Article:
The best questions to ask at the end of your interview

You’re almost through your job interview, and the interviewer asks: “Do you have any questions about the role?”

When it’s your turn for questions, what you ask can go a long way to helping you learn about the role – and even impress the employer.

Asking insightful, thoughtful questions can help you gain a deeper understanding of the role you’re applying for and ensure it’s a good fit for you.

Director at Robert Half Australia, Nicole Gorton says having questions prepared can be a strategic move that sets you apart from other candidates. “It demonstrates your interest in the position and the company,” she says. “Simply saying ‘no’ when you’re asked if you have questions suggests you’re not prepared, haven’t researched the company or are not interested enough in the role.”

Here are some of the best questions to ask in an interview. Choose a range of questions that matter most to you, and ask several of them with confidence.

The role and expectations

  • Could you tell me why this position has become available?
  • What would a typical day in this role look like?
  • What do you think are the three key qualities someone needs to shine in this role?
  • Thinking about employees who’ve done this work previously, what set apart those who were good from those who were great?
  • How long do you think it would take someone to be up and running in this position?

Leadership style

  • How would you describe your leadership style?
  • If a staff member comes to you with a problem, how do you usually address it?
  • How do you like to delegate tasks?
  • How do you monitor the performance of individual team members?
  • What would you like me to know about you as a leader?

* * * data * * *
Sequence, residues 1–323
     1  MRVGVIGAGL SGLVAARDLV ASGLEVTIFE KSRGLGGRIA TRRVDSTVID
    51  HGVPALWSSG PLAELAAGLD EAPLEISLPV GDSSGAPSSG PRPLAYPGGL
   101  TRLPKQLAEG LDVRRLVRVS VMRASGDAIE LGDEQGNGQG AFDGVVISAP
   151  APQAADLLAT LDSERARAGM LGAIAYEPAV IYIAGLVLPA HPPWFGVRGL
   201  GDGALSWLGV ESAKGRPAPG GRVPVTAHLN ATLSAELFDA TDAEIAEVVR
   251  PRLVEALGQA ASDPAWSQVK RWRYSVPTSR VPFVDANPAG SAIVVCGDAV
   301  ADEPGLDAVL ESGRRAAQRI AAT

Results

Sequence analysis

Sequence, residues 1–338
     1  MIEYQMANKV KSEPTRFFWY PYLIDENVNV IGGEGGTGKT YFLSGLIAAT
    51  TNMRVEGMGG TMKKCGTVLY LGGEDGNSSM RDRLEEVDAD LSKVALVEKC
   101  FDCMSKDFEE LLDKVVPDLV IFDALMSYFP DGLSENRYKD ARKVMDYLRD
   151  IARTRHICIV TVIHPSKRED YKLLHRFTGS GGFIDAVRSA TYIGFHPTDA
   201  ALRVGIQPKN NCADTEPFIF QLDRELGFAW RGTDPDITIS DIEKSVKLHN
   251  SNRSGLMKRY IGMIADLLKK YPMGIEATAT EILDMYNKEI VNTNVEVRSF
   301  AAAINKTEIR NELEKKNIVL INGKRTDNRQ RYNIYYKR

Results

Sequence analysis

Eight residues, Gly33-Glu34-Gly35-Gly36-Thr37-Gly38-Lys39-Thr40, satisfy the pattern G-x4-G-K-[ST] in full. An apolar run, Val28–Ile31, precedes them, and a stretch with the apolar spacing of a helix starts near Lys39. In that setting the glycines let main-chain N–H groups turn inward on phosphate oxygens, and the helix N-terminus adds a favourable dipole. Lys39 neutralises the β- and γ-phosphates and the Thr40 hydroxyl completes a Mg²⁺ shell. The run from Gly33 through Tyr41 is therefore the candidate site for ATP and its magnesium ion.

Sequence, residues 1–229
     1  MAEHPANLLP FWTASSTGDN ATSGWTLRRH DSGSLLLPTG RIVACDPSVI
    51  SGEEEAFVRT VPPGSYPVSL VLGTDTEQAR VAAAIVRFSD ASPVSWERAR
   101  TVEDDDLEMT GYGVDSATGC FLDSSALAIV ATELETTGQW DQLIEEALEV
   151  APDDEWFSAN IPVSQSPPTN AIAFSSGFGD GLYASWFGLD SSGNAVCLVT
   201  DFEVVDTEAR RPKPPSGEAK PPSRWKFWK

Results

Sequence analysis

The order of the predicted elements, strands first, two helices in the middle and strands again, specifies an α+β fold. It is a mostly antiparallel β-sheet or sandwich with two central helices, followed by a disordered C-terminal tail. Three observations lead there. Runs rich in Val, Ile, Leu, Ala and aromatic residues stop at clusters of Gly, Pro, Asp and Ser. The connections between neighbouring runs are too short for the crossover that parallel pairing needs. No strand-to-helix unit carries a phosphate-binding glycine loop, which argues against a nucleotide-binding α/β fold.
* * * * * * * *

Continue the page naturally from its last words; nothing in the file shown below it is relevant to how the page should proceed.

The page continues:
The team

“The hiring manager won’t go into explicit detail about everyone, but they may share basic information about colleagues, managers and explain the size of the team and company structure,” Gorton says.

  • Would I be working with a small or large team, and can you tell me a little more about the people I’d be working with?
  • Who would I be reporting to and what would my contact with that person look like?
  • Will I have a chance to meet my potential manager or colleagues during this process?
  • How would you describe the dynamics of the team that I’d be working with?
  • If I’m successful, do you have someone in my team who would act as a mentor or ‘buddy’ for the first little while?

Company culture

“If you’ve done your research on the company, you may know these answers, but ask them anyway and listen carefully for the qualities most important to you. For example, employee appreciation, company-paid employee development opportunities, casual dress, and so on,” Gorton says.

  • How would you describe the workplace culture?
  • What do you enjoy most about working here?
  • What would your staff say the most challenging thing about working here is?
  • What are some of the biggest opportunities the company has at the moment and what does this mean for the staff?
  • What makes people want to continue working at this company?

Training and development

These questions can help you find out if and how the company could help you stay on top of the latest news and best practices in your industry, Gorton says. For example, you may want to find out if you’d be able attend conferences or register for online courses.

  • What types of professional development opportunities are offered?
  • If I was offered this role, is there any training you think I’d need to undertake immediately?
  • What do you imagine the career path to be for someone in this role?
  • How do you help your team members grow and develop professionally?
  • Can you tell me about your employee performance review processes?

Next steps

“Learning more about the key objectives of the organisation will help to determine how you can play a part in achieving them,” Gorton says. “Asking about goals can also help you get a feel for the company’s performance and any struggles it may be facing.”

  • What is the company strategic plan for the next 12 months, and how will it impact this role?
  • What are the next steps in the interview process?
  • Could you tell me the timeline for making a decision and when you think I can expect to hear from you?
  • Is there anything else you need from me to help you make your decision?
  • Is there anything that we haven’t discussed that you think is important for me to know about working here?

These questions can help you determine whether the role is right for you, and show your potential employer that you’re enthusiastic, interested and prepared. When it’s your turn for questions, ask a range of them so you can close off your interview with confidence.

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